Mammalian target of rapamycin (mTOR) signaling plays important roles in cell metabolism, cell proliferation, and survival. Together with other proteins, mTOR forms two independent complexes, mTORC1 (mTOR-Raptor) and mTORC2 (mTOR-Rictor). Activation of mTORC1 could enhance ribosomal protein S6 kinase beta-1 (S6K1) and suppress eukaryotic translation initiation factor 4E-binding protein 1 (4E-BP1), which facilitates cell growth and proliferation. On the other hand, mTORC2 is more likely to respond to growth factors, increasing cell survival [123–125]. However, Tang et al. reported that mTORC1 and mTORC2 had different roles in the development of PAH. Inhibition of mTORC1 ameliorated pulmonary hypertension, while inhibition of mTORC2 facilitated spontaneous pulmonary hypertension and it may result from upregulation of PDGF receptors in PASMC .
The Hippo signaling pathway is believed to relate to controlling organ size. It is constitutive of a cascade of tumor suppressive kinases mammalian STE20-like protein kinase 1/2 (MST1/2) and large tumor suppressor homolog 1/2 (LATS1/2), while its downstream molecules include yes-associated protein 1 (YAP) and transcriptional coactivator with PDZ-binding motif (TAZ). Inactivation of LATS1/2 leads to decrease of YAP and TAZ in cytoplasm and activation of HIF-1α and Notch3 pathways, which plays a deleterious role in the development of PAH [127–133].
Most cancer cells rely on aerobic glycolysis, instead of depending on mitochondrial oxidative phosphorylation to generate energy, a phenomenon termed “the Warburg effect.” This effect also can be seen in PASMC and PAH. Driven by HIF activation, augmented glycolysis is characterized by elevated expression of pivotal proteins in its pathway, such as glucose transporters, hexokinase, pyruvate dehydrogenase kinase (PDK), lactate dehydrogenase (LDH), and 6-phosphofructo-2-kinase/fructose-2,6-bisphosphatase 3 (PFKFB3). By interacting with PI3K/AKT, ERK1/2, and HIF-1α and altering the morphology and subcellular distribution of mitochondria, Warburg effect increases the proliferation of PASMC in PAH [10, 134–144].
4.3.4. Other Pathways
Peroxisome proliferator-activated receptor γ (PPARγ) regulates mitochondrial gene expression and biogenesis. Loss of PPARγ leads to derangement in mitochondrial structure and function, which has a harmful impact on PASMC and PAH . Xie et al. stated that leptin effectively ameliorated pulmonary vascular remodeling and PAH, via activation of ERK1/2 and elevated expression of early growth response-1 (Egr-1), resulting in loss of PPARγ . In addition, Li et al. reported that activating prostanoid EP4 receptor (EP4) also decreased the expression of PPARγ through protein kinase A (PKA) pathway and attenuated pulmonary arterial remodeling  (Figure 2).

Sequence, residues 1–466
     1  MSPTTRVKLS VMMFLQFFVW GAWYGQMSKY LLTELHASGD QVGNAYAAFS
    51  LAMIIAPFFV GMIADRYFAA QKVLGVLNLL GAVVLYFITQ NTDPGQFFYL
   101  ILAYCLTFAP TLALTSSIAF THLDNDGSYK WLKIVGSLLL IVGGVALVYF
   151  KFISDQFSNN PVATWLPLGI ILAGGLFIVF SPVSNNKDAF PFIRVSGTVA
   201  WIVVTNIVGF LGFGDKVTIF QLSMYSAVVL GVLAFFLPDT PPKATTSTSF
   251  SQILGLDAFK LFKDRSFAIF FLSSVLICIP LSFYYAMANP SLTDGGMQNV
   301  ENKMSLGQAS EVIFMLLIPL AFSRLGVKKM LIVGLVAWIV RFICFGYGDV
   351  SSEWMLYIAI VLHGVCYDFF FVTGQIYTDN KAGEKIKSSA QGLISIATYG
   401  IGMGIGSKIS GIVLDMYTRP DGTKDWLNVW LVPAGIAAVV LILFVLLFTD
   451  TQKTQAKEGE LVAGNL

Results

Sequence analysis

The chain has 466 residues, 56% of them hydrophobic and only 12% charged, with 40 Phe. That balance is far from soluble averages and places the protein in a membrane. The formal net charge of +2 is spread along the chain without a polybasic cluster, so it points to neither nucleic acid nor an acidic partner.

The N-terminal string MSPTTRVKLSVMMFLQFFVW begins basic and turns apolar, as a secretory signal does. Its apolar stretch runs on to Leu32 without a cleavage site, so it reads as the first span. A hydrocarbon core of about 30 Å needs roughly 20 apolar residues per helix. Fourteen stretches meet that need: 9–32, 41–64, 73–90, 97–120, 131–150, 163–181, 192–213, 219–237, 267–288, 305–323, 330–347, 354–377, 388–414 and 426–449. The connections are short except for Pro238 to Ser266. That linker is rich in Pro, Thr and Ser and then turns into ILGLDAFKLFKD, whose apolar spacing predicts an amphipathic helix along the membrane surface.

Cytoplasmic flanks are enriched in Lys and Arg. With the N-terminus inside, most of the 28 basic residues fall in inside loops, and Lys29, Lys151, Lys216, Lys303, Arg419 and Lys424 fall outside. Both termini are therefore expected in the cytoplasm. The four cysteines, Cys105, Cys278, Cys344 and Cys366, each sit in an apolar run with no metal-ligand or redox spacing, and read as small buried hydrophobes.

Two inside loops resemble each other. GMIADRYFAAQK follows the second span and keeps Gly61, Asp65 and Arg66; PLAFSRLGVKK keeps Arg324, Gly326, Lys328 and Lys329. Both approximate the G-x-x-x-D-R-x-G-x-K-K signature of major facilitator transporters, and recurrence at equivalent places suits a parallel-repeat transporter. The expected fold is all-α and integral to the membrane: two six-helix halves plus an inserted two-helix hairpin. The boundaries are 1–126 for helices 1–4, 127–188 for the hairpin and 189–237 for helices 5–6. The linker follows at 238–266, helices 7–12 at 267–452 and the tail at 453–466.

Cyclin-dependent kinases (CDK) are crucial regulators of cell cycle and proliferation. Dinaciclib and palbociclib inhibited specific CDK and decreased PASMC proliferation via cell cycle arrest and interacted with the downstream CDK-Rb (retinoblastoma protein)-E2F signaling pathway, offering a potential strategy in PAH . Sphingosine kinase 1 (SphK1) is a lipid kinase for phosphorylating sphingosine to generate sphingosine-1-phosphate (S1P). SphK1/S1P have been reported to relate to cell proliferation, migration, and survival. TGF-β1 could phosphorylate Smad2/3 and then elevate the expression of SphK1 and S1P, which activates Notch3 pathway to promote PASMC proliferation . What is more, Sysol et al. reported that decreased micro-RNA-1 induced by hypoxia had an effect on the development of PAH via regulation of sphingosine kinase 1 .
5. Potential Treatment to PAH
While calcium channel blockers, endothelin receptor antagonists, phosphodiesterase type 5 inhibitors and guanylate cyclase stimulators, prostacyclin analogues, and prostacyclin receptor agonists are the classical specific drug therapies for PAH, their effects still are limited and unsatisfactory. Based on the molecular pathways mentioned above, tyrosine kinase inhibitors (platelet-derived growth factor inhibitors) and serotonin antagonists are being explored, but present outcomes are not ideal. Moreover, ROCK inhibitors, VEGF receptor inhibitors, stem cell therapy, mTOR inhibitors, PPAR-γ agonist, and strategies aiming at Warburg effect are all in the early phase of research [15, 142–144, 151, 152].
Although the treatment for pulmonary hypertension has achieved great improvement, it is still not that satisfactory. Owing to its indispensable role in the development of pulmonary hypertension, PASMC becomes the research hot spot in PH. Further elucidating the molecular basis of PASMC, including ion channels, HIF, ET-1, ROCK, BMP, PPAR-γ, and Warburg effect, could bring hope to PH treatment.
Conflicts of Interest
The authors declare that there are no conflicts of interest.